Geology in Action

This past weekend, Vermont’s been hampered by a lot of rain. According to my dad, between Friday and Saturday, we got 6 inches on ground that was already saturated with water, and this happened:


Just below my house about a mile



Above my house about a half mile

Yep, the road washed out. That’s the first time it’s ever happened, at least in the years that I spent there. I got a call from my dad at about 8 am on Saturday, saying that they were pretty much cut off from everything, although power wasn’t affected. Apparently, much of this happened Friday, and when crews went in to fix things on Saturday, it was all washed away again in the afternoon with another storm.

The second picture is just part of the washout – it’s a lot worse above where the road curves around a bit – the entire road was cut, washed down to bedrock. When I went up to take a look yesterday, the town’s road crew had put in some temporary measures on both sides, but according to the local paper, about $500,000 in damages had been done.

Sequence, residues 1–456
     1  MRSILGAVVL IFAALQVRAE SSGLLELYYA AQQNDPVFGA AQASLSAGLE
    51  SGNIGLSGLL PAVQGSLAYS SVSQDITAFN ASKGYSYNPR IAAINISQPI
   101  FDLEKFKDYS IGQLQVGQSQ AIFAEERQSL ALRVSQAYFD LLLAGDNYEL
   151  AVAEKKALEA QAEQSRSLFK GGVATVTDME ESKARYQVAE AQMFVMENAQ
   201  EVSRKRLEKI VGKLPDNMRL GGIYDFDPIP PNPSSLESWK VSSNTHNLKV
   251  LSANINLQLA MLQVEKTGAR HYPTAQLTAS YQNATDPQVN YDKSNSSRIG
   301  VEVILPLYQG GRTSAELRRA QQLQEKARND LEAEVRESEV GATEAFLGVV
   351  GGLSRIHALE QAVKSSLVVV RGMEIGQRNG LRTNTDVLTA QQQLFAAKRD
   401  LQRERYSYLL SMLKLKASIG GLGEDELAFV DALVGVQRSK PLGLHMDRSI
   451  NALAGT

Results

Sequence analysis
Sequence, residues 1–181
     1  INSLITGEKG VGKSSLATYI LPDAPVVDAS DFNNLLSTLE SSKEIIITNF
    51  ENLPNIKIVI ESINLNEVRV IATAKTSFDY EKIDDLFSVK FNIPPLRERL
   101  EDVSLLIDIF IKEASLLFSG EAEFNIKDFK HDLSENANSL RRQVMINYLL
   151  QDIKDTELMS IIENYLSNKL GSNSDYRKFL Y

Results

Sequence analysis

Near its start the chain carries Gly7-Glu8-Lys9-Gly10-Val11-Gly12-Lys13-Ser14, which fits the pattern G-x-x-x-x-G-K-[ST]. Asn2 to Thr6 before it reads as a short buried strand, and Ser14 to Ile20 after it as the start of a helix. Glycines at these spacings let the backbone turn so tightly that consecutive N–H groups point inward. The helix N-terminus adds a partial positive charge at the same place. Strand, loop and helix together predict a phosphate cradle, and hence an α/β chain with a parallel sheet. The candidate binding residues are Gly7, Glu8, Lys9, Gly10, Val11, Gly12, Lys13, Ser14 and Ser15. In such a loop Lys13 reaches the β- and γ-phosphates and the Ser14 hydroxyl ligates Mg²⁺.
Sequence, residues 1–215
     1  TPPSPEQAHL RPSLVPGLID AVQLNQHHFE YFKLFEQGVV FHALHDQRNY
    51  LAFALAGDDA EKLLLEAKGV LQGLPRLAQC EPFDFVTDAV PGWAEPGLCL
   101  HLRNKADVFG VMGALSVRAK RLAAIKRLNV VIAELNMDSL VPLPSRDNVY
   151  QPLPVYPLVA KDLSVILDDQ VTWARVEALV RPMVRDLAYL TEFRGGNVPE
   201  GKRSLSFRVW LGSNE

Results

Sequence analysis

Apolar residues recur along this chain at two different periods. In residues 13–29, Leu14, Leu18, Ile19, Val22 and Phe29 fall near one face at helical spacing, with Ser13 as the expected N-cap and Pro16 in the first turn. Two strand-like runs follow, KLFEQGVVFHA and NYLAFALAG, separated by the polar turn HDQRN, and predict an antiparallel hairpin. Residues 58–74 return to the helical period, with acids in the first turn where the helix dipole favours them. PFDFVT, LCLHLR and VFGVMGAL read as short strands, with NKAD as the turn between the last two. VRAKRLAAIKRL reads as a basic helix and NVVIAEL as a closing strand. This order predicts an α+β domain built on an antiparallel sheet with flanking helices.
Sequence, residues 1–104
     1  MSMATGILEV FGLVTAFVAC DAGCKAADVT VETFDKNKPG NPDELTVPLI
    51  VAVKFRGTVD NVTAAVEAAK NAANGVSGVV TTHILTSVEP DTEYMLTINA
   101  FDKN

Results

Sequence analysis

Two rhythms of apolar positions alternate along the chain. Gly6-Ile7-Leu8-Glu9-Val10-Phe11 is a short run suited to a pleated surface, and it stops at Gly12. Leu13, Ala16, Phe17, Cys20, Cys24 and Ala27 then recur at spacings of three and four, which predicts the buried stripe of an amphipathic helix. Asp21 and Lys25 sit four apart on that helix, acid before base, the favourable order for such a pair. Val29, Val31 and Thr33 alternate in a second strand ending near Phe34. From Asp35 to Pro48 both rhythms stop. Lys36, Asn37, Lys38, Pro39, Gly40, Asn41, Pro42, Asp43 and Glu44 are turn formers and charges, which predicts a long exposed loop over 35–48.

It’s an interesting, practical lesson in erosional geology – it goes to show just how much power is behind water and what it can do to human infrastructure. It was actually pretty cool to see the bedrock under the roadway (apparently my geology professor had mapped the area, and suspected that there was a bed there, and was just proven right). The canyons that were cut were deep – 6 or so feet in places, with only one lane open for traffic to pass by.

It’s certainly something you don’t see everyday.

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